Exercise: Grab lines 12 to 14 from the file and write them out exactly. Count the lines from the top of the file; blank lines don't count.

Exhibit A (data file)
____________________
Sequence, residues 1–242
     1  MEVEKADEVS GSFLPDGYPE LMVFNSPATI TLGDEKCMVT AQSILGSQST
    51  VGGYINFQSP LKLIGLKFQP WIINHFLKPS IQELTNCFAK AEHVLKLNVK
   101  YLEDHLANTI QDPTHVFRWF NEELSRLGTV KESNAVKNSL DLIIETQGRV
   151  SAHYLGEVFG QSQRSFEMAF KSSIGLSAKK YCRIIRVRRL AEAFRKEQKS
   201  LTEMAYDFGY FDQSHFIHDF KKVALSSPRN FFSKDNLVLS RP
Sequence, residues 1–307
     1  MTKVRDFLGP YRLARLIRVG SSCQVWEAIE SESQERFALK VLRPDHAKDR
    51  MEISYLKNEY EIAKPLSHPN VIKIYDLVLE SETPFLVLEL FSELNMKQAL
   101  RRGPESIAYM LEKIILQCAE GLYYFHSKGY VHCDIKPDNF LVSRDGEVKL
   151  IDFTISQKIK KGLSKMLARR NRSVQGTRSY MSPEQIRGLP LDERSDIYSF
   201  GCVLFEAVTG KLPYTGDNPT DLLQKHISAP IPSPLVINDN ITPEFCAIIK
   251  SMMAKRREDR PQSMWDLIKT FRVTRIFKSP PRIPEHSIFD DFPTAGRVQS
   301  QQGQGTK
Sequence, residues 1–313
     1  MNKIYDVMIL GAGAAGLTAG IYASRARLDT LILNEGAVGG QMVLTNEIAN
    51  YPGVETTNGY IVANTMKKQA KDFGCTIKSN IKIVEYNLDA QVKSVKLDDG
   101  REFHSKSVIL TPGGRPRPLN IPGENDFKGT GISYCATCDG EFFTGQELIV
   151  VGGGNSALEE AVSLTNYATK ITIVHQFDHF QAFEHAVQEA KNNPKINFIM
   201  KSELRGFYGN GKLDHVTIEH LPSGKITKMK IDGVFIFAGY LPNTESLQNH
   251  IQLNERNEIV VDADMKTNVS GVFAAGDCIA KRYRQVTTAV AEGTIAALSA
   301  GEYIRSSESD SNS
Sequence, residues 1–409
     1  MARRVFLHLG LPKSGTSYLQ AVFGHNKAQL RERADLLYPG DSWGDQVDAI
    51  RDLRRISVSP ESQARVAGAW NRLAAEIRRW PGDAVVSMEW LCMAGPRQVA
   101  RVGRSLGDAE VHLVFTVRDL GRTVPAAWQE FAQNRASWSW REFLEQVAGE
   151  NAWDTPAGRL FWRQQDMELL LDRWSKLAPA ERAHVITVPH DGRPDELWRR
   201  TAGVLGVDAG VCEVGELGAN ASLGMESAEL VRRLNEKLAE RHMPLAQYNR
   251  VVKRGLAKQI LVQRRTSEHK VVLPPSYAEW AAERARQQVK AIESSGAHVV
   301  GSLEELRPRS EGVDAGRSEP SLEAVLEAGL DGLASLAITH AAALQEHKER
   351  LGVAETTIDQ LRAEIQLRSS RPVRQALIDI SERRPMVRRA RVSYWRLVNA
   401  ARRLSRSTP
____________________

   201  GCVLFEAVTG KLPYTGDNPT DLLQKHISAP IPSPLVINDN ITPEFCAIIK
   251  SMMAKRREDR PQSMWDLIKT FRVTRIFKSP PRIPEHSIFD DFPTAGRVQS
   301  QQGQGTK